Laparoscopic Bladder Augmentation With And Without Urinary Diversion

Raymond R. Rackley and Joseph B. Abdelmalak

Section of Voiding Dysfunction and Female Urology, Glickman Urological Institute, Cleveland Clinic Foundation, Cleveland, Ohio, U.S.A.

INTRODUCTION

Enterovesical Anastomosis

PATIENT SELECTION: INDICATIONS AND

Postoperative Management

CONTRAINDICATIONS

Results

PREOPERATIVE PREPARATION

Comparative Analysis of Open and

SURGICAL TECHNICAL STEPS

Laparascopic Approaches

Port Placement

Laparascopic Ileovesicostomy and

Selection and Mobilization of the Bowel

Augmentation

Segment

Surgical Technique

Exclusion and Re-Anastomosis of the Bowel

■ RESULTS

Refashioning of the Isolated Bowel Segment

■ SUMMARY

Bladder Mobilization and Cystotomy

■ REFERENCES

Augmentation cystoplasty remains the most widely accepted reconstructive technique for creating a compliant, large capacity bladder that protects the upper urinary tract and provides urinary continence in people with bladder dysfunction secondary to noncompliance or reduced functional capacity.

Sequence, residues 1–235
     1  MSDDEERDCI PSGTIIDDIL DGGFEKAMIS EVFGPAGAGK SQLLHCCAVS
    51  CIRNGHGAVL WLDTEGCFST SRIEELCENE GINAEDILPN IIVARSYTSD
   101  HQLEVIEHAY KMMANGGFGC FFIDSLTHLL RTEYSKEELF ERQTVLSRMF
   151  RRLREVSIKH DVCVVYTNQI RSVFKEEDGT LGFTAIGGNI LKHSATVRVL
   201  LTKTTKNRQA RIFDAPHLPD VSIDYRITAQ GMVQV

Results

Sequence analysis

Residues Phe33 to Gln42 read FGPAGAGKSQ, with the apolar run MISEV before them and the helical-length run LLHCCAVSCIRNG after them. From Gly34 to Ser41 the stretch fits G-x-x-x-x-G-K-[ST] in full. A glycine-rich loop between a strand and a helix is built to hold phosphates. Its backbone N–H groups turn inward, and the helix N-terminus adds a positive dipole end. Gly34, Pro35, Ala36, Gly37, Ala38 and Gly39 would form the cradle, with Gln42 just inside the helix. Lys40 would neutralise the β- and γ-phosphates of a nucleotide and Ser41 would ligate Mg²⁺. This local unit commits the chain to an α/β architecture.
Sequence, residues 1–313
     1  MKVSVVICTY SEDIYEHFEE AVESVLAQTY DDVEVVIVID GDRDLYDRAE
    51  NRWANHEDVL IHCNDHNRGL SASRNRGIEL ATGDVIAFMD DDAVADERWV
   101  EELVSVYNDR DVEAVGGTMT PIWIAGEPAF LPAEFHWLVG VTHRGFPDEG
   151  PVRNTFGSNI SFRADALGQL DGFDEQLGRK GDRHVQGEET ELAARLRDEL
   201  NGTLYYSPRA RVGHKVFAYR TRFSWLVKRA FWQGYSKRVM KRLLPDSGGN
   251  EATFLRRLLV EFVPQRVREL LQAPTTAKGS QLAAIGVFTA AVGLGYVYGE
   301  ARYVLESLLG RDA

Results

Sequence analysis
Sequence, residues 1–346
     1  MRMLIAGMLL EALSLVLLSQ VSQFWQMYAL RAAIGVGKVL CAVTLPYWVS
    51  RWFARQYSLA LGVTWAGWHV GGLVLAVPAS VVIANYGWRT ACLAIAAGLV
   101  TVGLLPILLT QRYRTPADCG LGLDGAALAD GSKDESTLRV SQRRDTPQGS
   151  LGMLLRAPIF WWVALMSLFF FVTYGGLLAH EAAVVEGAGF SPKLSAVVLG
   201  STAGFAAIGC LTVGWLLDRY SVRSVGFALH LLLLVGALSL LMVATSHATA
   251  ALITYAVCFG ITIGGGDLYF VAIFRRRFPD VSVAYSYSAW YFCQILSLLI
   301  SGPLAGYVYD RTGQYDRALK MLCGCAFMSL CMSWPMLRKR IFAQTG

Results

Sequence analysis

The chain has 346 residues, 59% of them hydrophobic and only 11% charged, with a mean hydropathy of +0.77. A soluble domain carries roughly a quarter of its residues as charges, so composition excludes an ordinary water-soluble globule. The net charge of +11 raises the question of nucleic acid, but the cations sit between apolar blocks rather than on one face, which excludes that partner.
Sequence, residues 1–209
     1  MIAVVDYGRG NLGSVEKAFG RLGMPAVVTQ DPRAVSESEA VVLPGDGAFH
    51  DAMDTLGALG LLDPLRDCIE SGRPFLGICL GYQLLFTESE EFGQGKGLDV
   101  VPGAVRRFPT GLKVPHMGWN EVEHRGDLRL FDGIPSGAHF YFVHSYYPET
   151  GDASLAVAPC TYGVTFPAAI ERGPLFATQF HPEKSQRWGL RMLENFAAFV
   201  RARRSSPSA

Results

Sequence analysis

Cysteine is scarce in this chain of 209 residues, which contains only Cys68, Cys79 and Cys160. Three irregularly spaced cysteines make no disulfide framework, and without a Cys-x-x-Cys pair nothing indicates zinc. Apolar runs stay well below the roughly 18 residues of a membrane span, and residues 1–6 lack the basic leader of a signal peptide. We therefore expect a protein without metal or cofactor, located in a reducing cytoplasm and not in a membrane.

Enterocystoplasty effectively provides a durable increase in bladder capacity and compliance; however, the morbidity and postoperative discomfort associated with the open laparotomy incision are major deterrents.

The use of laparoscopic techniques in reconstruction has been limited because of the technical complexity of the procedures involved. The technical steps in performing a laparoscopic bladder augmentation are designed to emulate the open surgical counterpart in every aspect, thereby producing similar functional results with improved recovery.

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